Whereas almost three years have passed since the EU referendum took place in United Kingdom and the UK citizens voted to leave the EU (apparently) nothing has changed. From streets to board meetings the questions are the same: «When is the UK leaving the European Union? Will we have a no-deal Brexit? Is there going to be a second referendum? ».

Despite the commonly-held belief, since the start of negotiations, a lot of work has been done by the UK and EU leaders and the final “Agreement on the withdrawal of the United Kingdom of Great Britain and Northern Ireland from the European Union and the European Atomic Energy Community” as well as the “Political Declaration setting out the framework for the future relationship between EU and UK” are just the final results of  an amazing and neverendingly debate.

Given the lack of approval of such agreements by the British parliament, the term provided for in Article 50(3) of the treaty on European Union has been extended by the EU Council on April 11th, 2019 until 31st October 2019. Such decision shall cease to apply if the UK will not: i) held elections to the EU Parliament in accordance with EU law; or ii) ratify the Withdrawal Agreement within May 2019. Moreover, such extension excludes any re-opening of the Withdrawal Agreement and cannot be used to start negotiations on the future relationship; in other words, uncertainty and insecurity are everything but far.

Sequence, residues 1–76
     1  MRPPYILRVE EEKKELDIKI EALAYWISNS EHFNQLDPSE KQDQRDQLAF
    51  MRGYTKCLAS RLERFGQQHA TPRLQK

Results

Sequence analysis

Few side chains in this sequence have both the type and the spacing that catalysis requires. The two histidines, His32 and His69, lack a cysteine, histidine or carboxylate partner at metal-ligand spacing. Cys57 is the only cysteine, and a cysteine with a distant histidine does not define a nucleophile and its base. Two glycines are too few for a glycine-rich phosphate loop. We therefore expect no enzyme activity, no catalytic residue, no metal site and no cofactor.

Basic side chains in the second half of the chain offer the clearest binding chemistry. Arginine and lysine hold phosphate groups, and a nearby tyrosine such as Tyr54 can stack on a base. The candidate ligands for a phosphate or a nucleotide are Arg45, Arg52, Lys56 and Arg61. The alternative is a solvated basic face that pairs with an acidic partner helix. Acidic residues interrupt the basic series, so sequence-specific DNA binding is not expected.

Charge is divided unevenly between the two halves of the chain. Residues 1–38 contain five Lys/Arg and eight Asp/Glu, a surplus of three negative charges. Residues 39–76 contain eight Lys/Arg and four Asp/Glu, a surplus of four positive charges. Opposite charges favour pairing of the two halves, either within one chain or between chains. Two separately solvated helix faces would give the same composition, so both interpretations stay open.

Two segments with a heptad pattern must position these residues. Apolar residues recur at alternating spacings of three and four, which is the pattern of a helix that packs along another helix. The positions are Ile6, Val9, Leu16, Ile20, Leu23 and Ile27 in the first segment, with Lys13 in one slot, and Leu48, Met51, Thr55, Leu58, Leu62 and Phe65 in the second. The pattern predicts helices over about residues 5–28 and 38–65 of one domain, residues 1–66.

The United Kingdom was by far the biggest recipient of foreign investment within the EU of which almost half came from other member states. Astonishing numbers which raised many concerns, especially in fields where the EU regulations are crucial e.g. finance, pharma and life sciences companies.  The path is tortuous and business demands for clarity are anything but answered. Moreover, trust in politicians has been fractured and in case of “hard-Brexit” might take years to reach a legal certainty somehow comparable to the current one.

During the last months Studio Corno analyzed possible implications for its clients operating between Italy and UK of Brexit, both in a deal or no-deal scenario. Such analysis has been focused on how to mitigate risks for clients’ activities in advance, with specific regard to the following areas: i. Judicial cooperation (recognition and enforcement of judgments); ii. UK based Mergers and Acquisitions activities and iii. Personal data protection.

Based on such analysis and its experience, as well as its dual qualification as an avvocato in Italy as well as a solicitor in England and Wales, Giorgio Corno has been invited to share its views on the areas above at the Laworld Annual Meeting held in Kuala Lumpur on April 12th, 2019 in front of 61 different delegates from all over the world.

Giorgio outlined key Brexit challenges; how business lawyers can liaise entrepreneurs to deal with such political disruption; and discussed real cases to set out the results of the aforementioned researches.

For further information, please contact legale@studiocorno.it